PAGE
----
Any person convicted of domestic abuse corporal injury with a prior domestic violence conviction within the past 7 years shall be punished by imprisonment for up to 5 years and a fine of up to $10,000.

If probation is granted, the defendant may face a number of probationary conditions, including minimum jail time, community service and completion of a batterer's treatment program for other appropriate counseling program designated by the court. The defendant may also be required to pay the victim for counseling costs and make a payment to a battered women's shelter, up to $5,000.

Restraining Orders

After a conviction under California Penal Code PC §273.5, the sentencing court may issue a restraining order preventing contact between the defendant and the victim. This restraining order may be valid for up to 10 years. In issuing a restraining order, the court may consider a number of factors, including:

  • Seriousness of the event;
  • Probability of future violations; and
  • Safety of the victim and the victim's immediate family.

A criminal protective order (CPO) may require the defendant to stay away from or prohibit any contact with the protected person. This may limit any communication, including phone calls, texts, emails, or messages over social media. It may also require the defendant to stay away from specific locations, including the protected person's home, family home, schools, or place of employment.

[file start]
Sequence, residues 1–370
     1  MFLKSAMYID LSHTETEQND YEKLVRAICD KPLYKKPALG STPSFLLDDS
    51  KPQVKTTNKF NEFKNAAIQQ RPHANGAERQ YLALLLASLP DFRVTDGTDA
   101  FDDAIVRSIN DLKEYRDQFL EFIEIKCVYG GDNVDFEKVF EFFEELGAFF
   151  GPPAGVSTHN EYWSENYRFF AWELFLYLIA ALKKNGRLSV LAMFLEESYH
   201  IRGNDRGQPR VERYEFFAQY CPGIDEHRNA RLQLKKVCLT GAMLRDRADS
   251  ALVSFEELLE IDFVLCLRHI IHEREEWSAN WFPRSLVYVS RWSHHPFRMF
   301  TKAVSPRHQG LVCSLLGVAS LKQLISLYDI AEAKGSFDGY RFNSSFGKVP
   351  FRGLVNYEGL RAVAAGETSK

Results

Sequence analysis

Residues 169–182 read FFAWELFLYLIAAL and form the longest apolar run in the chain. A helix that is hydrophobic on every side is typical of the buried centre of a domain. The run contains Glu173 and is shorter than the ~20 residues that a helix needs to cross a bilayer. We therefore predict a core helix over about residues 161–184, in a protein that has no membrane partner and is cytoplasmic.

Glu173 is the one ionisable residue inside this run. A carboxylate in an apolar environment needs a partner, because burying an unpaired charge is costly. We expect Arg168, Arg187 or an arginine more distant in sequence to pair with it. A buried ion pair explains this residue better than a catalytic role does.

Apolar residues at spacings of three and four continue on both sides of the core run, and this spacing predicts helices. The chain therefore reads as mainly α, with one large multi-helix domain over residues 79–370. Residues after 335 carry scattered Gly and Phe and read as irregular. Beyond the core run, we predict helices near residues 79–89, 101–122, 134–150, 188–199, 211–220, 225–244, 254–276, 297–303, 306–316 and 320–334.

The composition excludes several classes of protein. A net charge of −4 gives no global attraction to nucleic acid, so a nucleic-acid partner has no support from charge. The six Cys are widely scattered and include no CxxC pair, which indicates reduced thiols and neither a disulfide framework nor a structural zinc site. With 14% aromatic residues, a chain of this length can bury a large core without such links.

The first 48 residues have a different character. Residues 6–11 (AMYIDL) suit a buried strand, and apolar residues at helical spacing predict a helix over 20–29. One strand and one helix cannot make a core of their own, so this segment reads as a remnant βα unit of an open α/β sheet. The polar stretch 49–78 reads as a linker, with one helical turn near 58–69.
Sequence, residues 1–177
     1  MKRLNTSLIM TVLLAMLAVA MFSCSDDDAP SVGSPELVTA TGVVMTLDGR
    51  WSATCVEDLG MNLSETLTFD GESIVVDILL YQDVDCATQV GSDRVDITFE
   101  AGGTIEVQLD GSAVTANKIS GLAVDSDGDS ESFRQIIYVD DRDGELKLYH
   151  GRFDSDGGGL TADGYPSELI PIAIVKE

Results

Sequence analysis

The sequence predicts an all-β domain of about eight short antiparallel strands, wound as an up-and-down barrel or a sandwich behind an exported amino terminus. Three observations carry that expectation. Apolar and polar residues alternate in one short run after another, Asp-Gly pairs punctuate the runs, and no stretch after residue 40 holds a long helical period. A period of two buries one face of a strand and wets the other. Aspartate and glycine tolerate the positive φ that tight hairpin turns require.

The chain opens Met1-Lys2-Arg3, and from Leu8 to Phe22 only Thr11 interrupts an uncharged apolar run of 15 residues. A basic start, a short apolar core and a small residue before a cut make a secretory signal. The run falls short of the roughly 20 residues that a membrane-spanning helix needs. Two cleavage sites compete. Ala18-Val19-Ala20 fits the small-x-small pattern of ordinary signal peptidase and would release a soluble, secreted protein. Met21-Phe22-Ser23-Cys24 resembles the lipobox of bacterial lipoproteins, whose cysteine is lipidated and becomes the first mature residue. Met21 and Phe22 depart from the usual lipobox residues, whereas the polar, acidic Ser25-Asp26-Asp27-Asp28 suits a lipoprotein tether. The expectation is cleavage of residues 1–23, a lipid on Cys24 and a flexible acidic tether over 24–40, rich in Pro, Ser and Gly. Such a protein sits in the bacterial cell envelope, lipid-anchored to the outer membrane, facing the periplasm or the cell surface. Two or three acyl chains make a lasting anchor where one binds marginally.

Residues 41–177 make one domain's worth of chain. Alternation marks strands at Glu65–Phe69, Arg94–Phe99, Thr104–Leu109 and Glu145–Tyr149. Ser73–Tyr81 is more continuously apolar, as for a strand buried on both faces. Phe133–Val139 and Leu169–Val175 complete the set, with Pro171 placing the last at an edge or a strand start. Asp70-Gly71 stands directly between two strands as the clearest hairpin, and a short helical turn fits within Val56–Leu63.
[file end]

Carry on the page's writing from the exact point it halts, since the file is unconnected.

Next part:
Violating a CPO is a criminal offense Under California Penal Code PC §273.6, with penalties including up to a year in jail for a first offense. A second or subsequent conviction within 7 years may be charged as a felony, with penalties including up to 3 years in prison and a fine of up to $10,000.

In California, individuals with a CPO are also prohibited from owning or possessing a firearm. With a protective order in place, they cannot purchase a gun and must give up any firearms they own to law enforcement. Possessing a firearm while under a CPO is a criminal offense, with penalties including a fine and up to a year in jail.

Defenses to Domestic Violence Charges

Many innocent people are accused of domestic violence and face criminal charges for something they didn't do. There are a number of reasons an alleged victim or their friends or family may make false accusations of violence against a current or former partner. This can happen because of a jealousy, anger over ending a relationship, allegations of cheating, child custody disputes, or simply to see the other person punished.

In some cases, an individual may be charged with domestic abuse for acting in self-defense. Self-defense or defense of another is an affirmative defense to domestic abuse charges. Self-defense generally requires the defendant to have reasonably believed they or another person was in imminent danger of injury or harm.

East Bay Domestic Violence Attorney:

Lynn Gorelick has more than 30 years of criminal defense experience defending her clients facing domestic abuse and DV criminal charges. She understands how to approach the individual facts of each case for the greatest chance of success, keeping her clients out of jail and keeping a clean record. Whether you are arrested in Oakland, Richmond or anywhere else in Contra Costa County or Alameda County, contact Lynn Gorelick.